Skip to main content
May 4, 1992
. Vreme News Digest Agency No 32
Prince Aleksandar, the Reviver

Crown for the Headless

by Stojan Cerovic

"When I feel the time has come, I will return", said Aleksandar II Karadjordjevic on Studio B. His short visit last autumn to Belgrade provoked an enormous euphoria but it all faded away, so that now, while the new Federal Republic of Yugoslavia is being set up, even many confirmed republicans along with the monarchists, are reminded that this pretender to the throne is the only hope. Not because of admiration for the personality of the London prince, or because of belief in the pacifying role of the crown, but because of the panic Milosevic arouses even among ordinary people.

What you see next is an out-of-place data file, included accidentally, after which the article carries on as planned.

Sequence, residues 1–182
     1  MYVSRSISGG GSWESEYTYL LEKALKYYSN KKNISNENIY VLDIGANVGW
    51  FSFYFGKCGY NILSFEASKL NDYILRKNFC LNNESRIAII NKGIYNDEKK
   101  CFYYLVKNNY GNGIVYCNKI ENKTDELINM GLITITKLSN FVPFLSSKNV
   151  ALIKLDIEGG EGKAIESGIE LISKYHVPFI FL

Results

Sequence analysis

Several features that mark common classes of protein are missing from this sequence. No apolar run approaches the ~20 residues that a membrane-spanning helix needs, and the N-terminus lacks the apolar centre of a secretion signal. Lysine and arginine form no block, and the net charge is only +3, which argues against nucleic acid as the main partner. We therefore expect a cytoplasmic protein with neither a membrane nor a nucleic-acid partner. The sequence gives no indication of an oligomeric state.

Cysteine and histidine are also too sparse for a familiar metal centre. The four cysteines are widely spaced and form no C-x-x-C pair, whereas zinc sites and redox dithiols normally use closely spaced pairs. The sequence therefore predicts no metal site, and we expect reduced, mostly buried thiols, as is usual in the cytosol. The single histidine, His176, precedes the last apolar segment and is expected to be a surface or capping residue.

Even the part of Serbia which somehow accepted and bore the war in Croatia must now see that Milosevic can go from war to war for some time more, constantly moving borders against the desired direction. He has ruined Bosnia from within and sealed the border at the Drina, and the world has begun to be so appalled by his Serbia that it will offer all assistance to its adversaries, no matter who they are. It will demand that he give to the Albanians and Moslems in Sandzak all that Izetbegovic has to give to Karadzic. Not even the Vojvodina Hungarians will leave him alone. Milosevic can only go to war with them all, but he can neither win, nor win them over.